Aurora Magazine

Promoting excellence in advertising

Published in Nov-Dec 2020

Covid-19 and the changes it brought to our lives have accelerated the pace of new trends in the global ad game. The crisis initially brought to a brutal halt advertising investments, irrespective of the medium. The advertising ecosystem came under pressure and feverishly awaited de-confinement. When the lockdowns eased, the hope was for a revival in advertising, albeit predicated on the question of “What kind of advertising and which advertisers will successfully navigate the storm?” Conditions were no different in Pakistan. The bottom-line is simple. Advertising will not be the same as it was before March 2020. Nevertheless, no one in the ad industry stopped and we saw some good and purposeful pieces of communication and some that missed the mark.

Easypaisa

This communication was a departure from the regular 45-seconder but it is one of my favourites. Easypaisa Raahi was a show that promoted the pursuit of dreams and executing plans you could have never imagined. From introspecting into our lives to reflect on how we live, Easypaisa Raahi was more than just a journey, it was the journey of life. With Umair Jaswal as the protagonist travelling across Pakistan discovering places, people, cultures, history, music, talent, this web series struck the right chord. Travel was our source of rejuvenation, even as in those difficult circumstances it was almost impossible to do so. Yet, travelling through Jaswal’s memories and looking at life through his lens served as a source of comfort in depressing moments.
Verdict: Are we going to enjoy another season soon?

Gala

It has become common for advertisements in Pakistan to be out of context, breaking the content’s link from the ad’s purpose. Gala’s recent ad is a perfect example of this no-link-to-the-brand tendency. Multiple languages to highlight Pakistan’s different cultures, extravagant sets, a so-called upbeat jingle and Mehwish Hayat dolled up and dancing, all failed to create the right kind of ripple among audiences unable to connect with the brand.
Verdict: Creative alert – a no-go zone.

Jazz

There are two types of ads. One with a concrete insight and one that is made because there are mammoth budgets. Jazz 4G’s ‘Super Nahi Tou 4G Nahi’, although it touched upon the fulfilment of dreams, falls in the second category because it failed to justify the appearance of Esra Bilgiç as the concept didn’t require her to be there.
Verdict: Advertising is more than selling beauty.

Lifebuoy

In this unprecedented global moment, many brands across Asia Pacific pivoted their messaging to rally consumers to help flatten the curve and fight the spread of Covid-19. Lifebuoy too didn’t shy away. Instead of cashing in on the pandemic, the brand encouraged social responsibility. A simple yet powerful message asking the nation to wash their hands with soap… any soap. Communications like these are a testament to the fact that when brands think beyond their sales and are more purposeful, they become a love mark in their consumers’ lives.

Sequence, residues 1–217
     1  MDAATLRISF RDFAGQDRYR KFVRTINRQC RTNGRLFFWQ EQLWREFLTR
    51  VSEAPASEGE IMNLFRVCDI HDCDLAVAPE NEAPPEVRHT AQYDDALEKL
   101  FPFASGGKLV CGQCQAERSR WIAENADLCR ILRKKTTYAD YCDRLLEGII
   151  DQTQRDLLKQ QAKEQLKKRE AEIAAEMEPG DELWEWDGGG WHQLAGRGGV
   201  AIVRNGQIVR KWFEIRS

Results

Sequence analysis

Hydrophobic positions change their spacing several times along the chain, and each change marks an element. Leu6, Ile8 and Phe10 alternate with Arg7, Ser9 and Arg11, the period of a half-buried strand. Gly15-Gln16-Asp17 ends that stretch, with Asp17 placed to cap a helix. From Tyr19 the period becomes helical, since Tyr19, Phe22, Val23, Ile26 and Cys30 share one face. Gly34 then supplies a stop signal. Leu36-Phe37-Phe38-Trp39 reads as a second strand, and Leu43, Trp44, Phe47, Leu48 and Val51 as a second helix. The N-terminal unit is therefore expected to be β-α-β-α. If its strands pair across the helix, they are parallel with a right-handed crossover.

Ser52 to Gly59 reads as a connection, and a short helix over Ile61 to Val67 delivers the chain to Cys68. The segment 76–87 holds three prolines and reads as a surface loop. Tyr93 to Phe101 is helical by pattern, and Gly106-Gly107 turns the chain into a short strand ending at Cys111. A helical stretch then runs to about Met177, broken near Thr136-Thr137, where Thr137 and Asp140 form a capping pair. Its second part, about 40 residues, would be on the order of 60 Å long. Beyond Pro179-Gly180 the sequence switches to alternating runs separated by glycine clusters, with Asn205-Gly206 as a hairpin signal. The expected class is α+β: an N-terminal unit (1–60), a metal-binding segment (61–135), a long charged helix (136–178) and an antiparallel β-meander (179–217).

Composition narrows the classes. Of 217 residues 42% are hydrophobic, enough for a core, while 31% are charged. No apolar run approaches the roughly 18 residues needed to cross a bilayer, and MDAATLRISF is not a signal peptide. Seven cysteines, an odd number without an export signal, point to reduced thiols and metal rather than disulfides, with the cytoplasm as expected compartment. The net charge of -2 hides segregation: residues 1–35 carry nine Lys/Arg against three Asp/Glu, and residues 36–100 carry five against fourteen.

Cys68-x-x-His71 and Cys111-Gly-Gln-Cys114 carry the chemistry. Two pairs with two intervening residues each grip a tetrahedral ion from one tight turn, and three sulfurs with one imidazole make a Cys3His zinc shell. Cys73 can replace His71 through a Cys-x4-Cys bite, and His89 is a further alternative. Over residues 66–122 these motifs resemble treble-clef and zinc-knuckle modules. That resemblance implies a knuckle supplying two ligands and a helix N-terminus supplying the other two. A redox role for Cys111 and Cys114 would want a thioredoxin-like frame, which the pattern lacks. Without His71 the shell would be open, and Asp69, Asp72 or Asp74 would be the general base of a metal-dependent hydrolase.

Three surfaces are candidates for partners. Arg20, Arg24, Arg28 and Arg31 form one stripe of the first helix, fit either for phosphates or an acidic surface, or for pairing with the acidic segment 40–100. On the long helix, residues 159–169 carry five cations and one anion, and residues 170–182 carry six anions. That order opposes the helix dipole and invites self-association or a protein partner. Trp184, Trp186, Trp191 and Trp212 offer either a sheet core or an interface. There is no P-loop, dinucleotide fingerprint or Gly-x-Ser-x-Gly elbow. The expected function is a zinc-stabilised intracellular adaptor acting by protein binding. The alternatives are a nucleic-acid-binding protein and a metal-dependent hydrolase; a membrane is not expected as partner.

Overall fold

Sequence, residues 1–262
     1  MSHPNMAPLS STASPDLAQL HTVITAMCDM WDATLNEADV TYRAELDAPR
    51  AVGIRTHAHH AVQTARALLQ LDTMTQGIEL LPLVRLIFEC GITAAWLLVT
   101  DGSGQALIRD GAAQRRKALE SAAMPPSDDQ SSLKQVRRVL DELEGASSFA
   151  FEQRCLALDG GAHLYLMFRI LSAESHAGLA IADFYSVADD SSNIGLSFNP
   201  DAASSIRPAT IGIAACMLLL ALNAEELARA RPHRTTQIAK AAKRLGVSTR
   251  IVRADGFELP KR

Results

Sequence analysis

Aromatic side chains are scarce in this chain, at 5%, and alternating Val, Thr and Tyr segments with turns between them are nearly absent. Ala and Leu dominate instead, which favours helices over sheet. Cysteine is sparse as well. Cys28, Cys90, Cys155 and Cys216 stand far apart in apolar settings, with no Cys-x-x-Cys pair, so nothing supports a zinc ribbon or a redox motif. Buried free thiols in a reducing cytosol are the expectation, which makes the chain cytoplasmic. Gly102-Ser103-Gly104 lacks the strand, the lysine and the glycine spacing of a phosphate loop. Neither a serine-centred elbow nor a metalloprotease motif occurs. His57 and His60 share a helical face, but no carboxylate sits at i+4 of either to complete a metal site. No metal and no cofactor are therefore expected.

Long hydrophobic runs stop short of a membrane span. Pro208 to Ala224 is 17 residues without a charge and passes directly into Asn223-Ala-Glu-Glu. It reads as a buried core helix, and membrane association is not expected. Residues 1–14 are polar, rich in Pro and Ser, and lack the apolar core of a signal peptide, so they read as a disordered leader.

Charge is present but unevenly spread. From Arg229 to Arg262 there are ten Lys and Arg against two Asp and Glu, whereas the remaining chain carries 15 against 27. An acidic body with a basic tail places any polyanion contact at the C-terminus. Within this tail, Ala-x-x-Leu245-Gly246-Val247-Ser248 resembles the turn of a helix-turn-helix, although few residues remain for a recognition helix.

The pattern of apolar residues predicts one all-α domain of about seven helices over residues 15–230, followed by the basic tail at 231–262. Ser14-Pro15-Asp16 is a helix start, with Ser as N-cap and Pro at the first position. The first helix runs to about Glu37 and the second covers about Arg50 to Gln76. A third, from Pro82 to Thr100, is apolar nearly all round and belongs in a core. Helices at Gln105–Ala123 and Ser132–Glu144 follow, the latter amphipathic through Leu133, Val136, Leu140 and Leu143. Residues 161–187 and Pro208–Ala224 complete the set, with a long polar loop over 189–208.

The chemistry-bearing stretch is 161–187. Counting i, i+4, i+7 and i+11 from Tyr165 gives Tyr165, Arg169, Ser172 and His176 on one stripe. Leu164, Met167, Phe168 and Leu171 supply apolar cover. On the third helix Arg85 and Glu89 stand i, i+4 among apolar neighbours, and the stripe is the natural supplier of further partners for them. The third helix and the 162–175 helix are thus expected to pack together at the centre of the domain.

Verdict: Salute.

Shan

Shan’s communications always tug at the heartstrings and make us think. Their ‘#MoreThanJustACook’ campaign is a combination of both. Their latest ad shows the bonding between a father and daughter and the importance of understanding and supporting one another in the household. Trying to break gender stereotypes, the ad hits the spot by calling attention to the double standards faced by too many women as they juggle professional responsibilities along with managing a house without any support from male family members. Beyond identifying the problem, Shan offered a key aspect of the solution in tackling this double standard. It is only when individual families recognise and appreciate the multitude of roles and responsibilities a woman has outside the kitchen that this double standard can be dismantled. Shan sends an important message about the equitable and gender neutral division of roles. It allows everyone (male and female) to cook at home, denting the social construct that the kitchen is a woman’s domain while the professional world is reserved for men. Food can be made with love and attention and that is all you need to cook a delicious meal.
Verdict: A step in the right direction and we couldn’t be prouder.

Surf Excel

Surf Excel’s traditional focus on naiki (good deeds) during Ramzan became all the more relevant during the lockdown. In case anyone was wondering how to do their bit in those restrictive times, Surf Excel’s little angels showed us exactly how. And they did so while maintaining social distancing. With their message of hope, Surf Excel returned this year to a new world, but with the same message resonating even more powerfully this time around. We needed it. Verdict: A message of human perseverance.

Sumaira Mirza is a freelance writer.